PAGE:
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Caetano v. Massachusetts
United States Supreme Court
136 S. Ct. 1027 (2016)
Jaime Caetano (defendant) obtained a stun gun, a weapon that is not designed to seriously harm or kill, after her abusive ex-boyfriend violated multiple restraining orders. Later, police were investigating a shoplifting at a Massachusetts supermarket and believed Caetano, who was in the store parking lot, might have been involved. Caetano consented to a search of her bag, which contained her stun gun. Caetano told the officers that she had obtained the stun gun for personal protection, but she was arrested because Massachusetts law included a blanket prohibition on the possession of electrical weapons. During a bench trial, Caetano and the government (plaintiff) agreed that Caetano had possessed the stun gun, that the stun gun fell within the Massachusetts statutory prohibition against the possession of electrical weapons, and that Caetano possessed the stun gun to protect herself against her ex-boyfriend. Caetano argued that the electrical-weapons statute and possession charges interfered with her Second Amendment rights. Evidence was presented that, although traditional handguns were far more common, hundreds of thousands of stun guns were purchased and possessed for self-defense purposes and they were legal in 45 states. The trial court convicted Caetano for possession of the stun gun, and Caetano appealed to the Massachusetts Supreme Judicial Court. The conviction was upheld because the court found that the Second Amendment did not extend to possession of stun guns for three reasons: first, stun guns were not commonly used at the time Congress passed the Second Amendment; second, stun guns fell under the general prohibition against possessing dangerous and unusual weapons; and third, stun guns were not useful in a military context. Caetano appealed to the United States Supreme Court.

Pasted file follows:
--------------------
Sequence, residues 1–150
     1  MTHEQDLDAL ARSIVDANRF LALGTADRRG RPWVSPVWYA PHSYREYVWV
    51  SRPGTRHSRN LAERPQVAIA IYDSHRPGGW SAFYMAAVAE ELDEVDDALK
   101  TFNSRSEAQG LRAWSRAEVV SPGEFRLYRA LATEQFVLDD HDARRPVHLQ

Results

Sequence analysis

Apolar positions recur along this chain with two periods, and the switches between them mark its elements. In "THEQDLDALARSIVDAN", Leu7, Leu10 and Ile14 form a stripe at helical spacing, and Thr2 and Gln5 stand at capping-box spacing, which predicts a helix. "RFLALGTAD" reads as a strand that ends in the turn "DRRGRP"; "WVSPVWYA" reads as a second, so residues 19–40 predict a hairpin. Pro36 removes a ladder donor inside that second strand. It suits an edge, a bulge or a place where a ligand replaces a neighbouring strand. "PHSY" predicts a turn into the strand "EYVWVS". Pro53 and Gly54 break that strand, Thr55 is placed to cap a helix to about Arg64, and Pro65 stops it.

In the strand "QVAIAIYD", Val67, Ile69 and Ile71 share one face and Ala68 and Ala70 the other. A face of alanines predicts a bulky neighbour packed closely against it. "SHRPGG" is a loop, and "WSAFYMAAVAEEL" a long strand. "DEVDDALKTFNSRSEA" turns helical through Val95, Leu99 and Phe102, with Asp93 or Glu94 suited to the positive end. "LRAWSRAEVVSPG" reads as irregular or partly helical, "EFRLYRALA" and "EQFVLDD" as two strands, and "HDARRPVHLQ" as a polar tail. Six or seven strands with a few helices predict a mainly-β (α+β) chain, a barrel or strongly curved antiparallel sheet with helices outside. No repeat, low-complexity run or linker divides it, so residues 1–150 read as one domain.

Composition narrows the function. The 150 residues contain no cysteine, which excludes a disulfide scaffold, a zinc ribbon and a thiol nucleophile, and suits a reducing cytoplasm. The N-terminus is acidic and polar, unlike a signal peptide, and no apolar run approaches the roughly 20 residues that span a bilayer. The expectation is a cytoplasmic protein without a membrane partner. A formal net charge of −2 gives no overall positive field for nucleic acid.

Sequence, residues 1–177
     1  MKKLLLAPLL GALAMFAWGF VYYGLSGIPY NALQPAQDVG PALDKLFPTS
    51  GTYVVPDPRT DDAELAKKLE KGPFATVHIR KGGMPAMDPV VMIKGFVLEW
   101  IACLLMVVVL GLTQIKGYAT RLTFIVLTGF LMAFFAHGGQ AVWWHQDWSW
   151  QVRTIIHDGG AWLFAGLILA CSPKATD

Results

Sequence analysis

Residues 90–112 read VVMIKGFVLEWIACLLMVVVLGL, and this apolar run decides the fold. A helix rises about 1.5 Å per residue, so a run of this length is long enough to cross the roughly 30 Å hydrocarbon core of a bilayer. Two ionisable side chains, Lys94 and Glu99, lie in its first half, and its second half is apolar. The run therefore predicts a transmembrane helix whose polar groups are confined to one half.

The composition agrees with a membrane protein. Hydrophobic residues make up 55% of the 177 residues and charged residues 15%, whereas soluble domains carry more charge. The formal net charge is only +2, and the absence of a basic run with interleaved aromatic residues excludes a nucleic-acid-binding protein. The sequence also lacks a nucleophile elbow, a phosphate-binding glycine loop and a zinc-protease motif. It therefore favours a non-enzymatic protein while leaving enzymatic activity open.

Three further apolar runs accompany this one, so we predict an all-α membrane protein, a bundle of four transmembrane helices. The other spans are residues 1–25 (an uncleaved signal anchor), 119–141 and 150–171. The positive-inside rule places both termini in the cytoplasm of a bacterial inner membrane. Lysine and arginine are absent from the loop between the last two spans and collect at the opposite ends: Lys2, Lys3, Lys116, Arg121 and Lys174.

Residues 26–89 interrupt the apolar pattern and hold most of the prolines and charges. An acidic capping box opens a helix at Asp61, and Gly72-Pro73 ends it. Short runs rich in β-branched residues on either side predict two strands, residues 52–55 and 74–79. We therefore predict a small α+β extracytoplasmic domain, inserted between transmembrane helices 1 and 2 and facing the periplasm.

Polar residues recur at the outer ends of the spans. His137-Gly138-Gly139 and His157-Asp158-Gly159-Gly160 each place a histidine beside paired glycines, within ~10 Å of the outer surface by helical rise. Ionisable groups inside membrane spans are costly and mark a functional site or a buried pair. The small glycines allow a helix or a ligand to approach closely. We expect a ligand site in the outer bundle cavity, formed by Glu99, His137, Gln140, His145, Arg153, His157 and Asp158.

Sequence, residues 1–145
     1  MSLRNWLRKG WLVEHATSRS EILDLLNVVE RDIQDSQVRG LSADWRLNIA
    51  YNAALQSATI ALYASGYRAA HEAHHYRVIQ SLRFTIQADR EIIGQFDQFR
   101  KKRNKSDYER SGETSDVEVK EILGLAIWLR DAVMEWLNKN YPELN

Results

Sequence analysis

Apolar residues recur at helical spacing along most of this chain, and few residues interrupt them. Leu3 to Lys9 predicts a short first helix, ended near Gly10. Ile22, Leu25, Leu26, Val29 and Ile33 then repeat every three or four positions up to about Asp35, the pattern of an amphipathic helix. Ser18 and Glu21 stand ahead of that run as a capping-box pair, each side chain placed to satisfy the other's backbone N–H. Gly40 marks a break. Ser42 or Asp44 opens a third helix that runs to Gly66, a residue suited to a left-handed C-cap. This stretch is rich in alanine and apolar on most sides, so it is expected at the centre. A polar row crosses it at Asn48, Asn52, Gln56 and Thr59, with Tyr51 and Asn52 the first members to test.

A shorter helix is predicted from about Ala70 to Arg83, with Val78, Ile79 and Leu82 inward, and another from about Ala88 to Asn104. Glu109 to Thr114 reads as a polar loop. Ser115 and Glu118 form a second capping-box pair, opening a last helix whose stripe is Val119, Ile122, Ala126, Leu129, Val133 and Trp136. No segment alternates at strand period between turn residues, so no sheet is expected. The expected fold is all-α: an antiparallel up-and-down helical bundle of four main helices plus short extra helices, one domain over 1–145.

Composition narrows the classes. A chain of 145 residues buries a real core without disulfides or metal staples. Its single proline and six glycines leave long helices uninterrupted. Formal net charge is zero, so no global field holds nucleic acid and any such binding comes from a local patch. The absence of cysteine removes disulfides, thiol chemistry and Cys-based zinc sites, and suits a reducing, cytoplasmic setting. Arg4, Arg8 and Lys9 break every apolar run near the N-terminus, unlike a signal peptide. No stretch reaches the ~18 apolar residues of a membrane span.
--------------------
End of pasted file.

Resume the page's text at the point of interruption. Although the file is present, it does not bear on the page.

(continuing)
Rule of Law
Holding and Reasoning (Per curiam)
Concurrence (Alito, J.)
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